I feel like that it is in my nature to lead. Working alone, with a partner, or in a group, I instinctively have the ability to move the project to completion or at least along the right path. A stream of questions starts flowing through my mind and then most of the time through my lips…
Why are we doing this? What problems are we facing now and if we continue to this way what problems are we going to face in the future? Should I even be doing this? Does it make sense that we are working separately on the same project? What can we be doing different to make this easier? How can we change this process to exceed expectations? How can this be done…better?
Please understand that the majority of this thinking process happens quietly inside my head, I approach others with great care and ease so that I don’t come across as bossy or pushy. Working with others, especially others who have done the same thing the same way for years is a delicate balancing act.
However, even with the most care and the greatest intention I have been accused of “Acting like a Boss” or have had other people say “He thinks he is a boss.” Usually this comes in a “factory thinking” environment where everything as always been done the same way for years, where items are done in a check list order, and where no knowledge thinking is involved. In these circumstances I am expected to follow the same set of unwritten rules. As I start to change the thinking and workflow those select few with a competitive, jealous, or even malicious spirit begin to make acusations like “He is acting like a boss.”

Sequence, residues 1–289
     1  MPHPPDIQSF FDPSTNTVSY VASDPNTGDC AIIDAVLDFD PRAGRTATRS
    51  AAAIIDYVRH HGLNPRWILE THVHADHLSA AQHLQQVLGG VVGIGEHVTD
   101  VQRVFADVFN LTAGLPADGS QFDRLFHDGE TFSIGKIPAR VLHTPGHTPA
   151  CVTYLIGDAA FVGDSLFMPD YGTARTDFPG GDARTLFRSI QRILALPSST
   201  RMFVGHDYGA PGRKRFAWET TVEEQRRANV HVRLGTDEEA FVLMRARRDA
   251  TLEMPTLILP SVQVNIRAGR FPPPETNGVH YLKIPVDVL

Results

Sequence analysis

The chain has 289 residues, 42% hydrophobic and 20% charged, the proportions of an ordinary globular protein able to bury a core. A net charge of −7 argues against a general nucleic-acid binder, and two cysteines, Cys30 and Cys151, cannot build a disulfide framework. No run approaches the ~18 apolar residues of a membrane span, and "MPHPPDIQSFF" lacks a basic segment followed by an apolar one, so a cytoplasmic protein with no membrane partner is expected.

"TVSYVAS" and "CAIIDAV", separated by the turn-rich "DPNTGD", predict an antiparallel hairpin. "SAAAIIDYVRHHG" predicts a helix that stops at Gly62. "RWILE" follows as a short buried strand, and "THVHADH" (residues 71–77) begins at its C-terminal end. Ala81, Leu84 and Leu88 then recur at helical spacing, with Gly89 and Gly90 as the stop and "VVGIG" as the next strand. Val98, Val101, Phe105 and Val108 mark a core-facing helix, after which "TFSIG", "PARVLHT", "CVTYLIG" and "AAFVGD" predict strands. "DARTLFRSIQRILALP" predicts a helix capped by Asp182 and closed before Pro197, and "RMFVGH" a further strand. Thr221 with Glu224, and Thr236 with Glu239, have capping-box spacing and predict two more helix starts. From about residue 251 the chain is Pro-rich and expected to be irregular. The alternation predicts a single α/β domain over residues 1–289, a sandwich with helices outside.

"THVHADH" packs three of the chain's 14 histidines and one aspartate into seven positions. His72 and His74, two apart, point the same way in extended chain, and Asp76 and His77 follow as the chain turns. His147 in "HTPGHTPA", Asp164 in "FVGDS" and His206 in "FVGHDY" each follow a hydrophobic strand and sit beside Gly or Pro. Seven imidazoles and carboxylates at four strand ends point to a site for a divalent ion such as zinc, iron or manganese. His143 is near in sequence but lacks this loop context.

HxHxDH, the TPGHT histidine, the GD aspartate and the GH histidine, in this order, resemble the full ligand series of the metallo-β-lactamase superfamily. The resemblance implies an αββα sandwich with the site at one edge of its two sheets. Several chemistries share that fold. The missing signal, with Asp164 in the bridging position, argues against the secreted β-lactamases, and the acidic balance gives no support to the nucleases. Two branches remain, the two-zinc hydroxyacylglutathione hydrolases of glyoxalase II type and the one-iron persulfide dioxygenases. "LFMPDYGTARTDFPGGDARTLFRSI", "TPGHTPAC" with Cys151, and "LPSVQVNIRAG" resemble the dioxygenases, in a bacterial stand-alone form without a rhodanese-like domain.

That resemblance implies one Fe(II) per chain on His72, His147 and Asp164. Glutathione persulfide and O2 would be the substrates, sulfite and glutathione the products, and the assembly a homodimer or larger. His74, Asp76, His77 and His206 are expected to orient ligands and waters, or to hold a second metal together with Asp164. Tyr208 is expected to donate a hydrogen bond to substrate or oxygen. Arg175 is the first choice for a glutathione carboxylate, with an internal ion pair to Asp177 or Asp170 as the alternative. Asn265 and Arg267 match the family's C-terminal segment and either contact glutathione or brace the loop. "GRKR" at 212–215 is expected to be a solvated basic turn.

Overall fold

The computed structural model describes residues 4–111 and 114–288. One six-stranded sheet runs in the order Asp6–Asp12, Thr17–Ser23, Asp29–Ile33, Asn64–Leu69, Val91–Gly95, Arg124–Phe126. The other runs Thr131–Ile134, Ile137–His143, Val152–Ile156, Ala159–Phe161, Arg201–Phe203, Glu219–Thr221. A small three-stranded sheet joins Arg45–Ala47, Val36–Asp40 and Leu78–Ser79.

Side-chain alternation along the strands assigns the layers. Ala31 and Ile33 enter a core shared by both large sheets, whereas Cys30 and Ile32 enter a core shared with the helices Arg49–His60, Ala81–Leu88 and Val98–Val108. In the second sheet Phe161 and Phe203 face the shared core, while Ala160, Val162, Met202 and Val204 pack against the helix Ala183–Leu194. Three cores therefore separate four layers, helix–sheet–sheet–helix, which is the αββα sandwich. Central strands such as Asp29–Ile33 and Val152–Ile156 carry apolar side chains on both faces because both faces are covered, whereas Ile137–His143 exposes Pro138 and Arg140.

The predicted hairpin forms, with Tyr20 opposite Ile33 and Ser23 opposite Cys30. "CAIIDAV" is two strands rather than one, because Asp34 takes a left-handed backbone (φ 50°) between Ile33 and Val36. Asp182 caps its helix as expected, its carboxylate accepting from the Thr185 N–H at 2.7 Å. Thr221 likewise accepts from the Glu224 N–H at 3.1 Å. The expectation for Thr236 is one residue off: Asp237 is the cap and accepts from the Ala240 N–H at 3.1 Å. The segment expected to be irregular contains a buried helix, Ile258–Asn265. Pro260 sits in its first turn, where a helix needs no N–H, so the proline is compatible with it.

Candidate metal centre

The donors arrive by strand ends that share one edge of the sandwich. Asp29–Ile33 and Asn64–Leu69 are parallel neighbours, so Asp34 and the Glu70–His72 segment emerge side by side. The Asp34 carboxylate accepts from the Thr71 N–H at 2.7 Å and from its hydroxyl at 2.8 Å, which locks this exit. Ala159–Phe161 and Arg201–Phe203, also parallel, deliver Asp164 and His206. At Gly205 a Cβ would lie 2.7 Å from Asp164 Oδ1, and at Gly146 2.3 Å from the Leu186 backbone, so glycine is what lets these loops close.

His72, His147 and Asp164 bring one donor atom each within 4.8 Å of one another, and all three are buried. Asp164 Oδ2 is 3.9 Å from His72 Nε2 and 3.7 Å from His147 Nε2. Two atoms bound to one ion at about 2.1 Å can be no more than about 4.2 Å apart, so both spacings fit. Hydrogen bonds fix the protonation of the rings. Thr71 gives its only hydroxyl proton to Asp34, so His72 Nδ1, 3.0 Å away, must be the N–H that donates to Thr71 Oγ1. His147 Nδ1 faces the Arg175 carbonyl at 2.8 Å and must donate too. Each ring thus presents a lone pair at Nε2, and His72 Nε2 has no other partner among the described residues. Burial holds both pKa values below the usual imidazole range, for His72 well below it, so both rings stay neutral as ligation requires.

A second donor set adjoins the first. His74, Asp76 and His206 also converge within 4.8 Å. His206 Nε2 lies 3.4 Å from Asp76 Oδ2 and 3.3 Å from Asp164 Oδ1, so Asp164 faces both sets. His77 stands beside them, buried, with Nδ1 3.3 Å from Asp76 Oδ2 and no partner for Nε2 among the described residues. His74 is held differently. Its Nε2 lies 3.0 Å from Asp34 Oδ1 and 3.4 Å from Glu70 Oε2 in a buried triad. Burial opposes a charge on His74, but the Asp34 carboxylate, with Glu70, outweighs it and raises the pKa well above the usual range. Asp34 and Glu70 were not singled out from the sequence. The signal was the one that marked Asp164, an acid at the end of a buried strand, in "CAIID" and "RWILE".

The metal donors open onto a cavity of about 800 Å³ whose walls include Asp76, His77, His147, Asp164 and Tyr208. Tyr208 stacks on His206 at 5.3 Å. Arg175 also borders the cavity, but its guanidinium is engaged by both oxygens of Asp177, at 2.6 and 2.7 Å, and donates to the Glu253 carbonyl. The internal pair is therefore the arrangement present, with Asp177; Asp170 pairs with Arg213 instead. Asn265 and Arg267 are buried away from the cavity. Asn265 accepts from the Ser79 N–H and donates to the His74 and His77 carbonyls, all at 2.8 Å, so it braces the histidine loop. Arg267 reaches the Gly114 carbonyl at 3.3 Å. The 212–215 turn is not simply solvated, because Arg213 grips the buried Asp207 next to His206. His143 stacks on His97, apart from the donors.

Is that bad? Should I just go with the flow and do a project one way even if I know it can be done twice as fast with better accuracy another way? Is taking initiative bad?
In an article on Forbes.com contributed by John Kotter, Chief Innovation Officer of Kotter International, Kotter offered a leadership tip:
“At its heart, leadership is about taking initiative and influencing those around you — and that doesn’t just apply to people at the top of an organizational hierarchy. Everyone in an organization can demonstrate leadership, and they should.”
In an interview with his colleague at Kotter International Pat Cromier says,
“And one of the things that we do when we work with organizations is we get people involved to the point where they see leadership isn’t about position; it’s about how you behave and how you act, and influencing the people around you, including your superior, and including your boss. And part of that is not going to them with the problem and looking up for a solution, but more importantly, going to them with a possible solution and how you might go about addressing that issue or that barrier.”
Perhaps you have been in a position where you said “why are we doing this this way?” or “If they would just realize it would be much easier this way?” Maybe you have the same instinct to approach projects with the same creativeness and perspectives as I do.
Don’t be afraid to share your ideas. Just be sure to be well mannered and appropreiate when you do. Be positive, take the current situation and build on it. Never say that you can do it “better” or that someone is “wrong.” Don’t hide your ideas because you think you might step on toes or offend someone. If done correctly, its likely they will appreciate the input. There will be resistance and sometimes even complete rejection, but keep trying. Sometimes explaining WHY and not just HOW makes all the DIFFERENCE.
Question: Have you ever been accused of ‘acting like a boss’ and percieved as a negative thing? You can leave a comment by clicking here.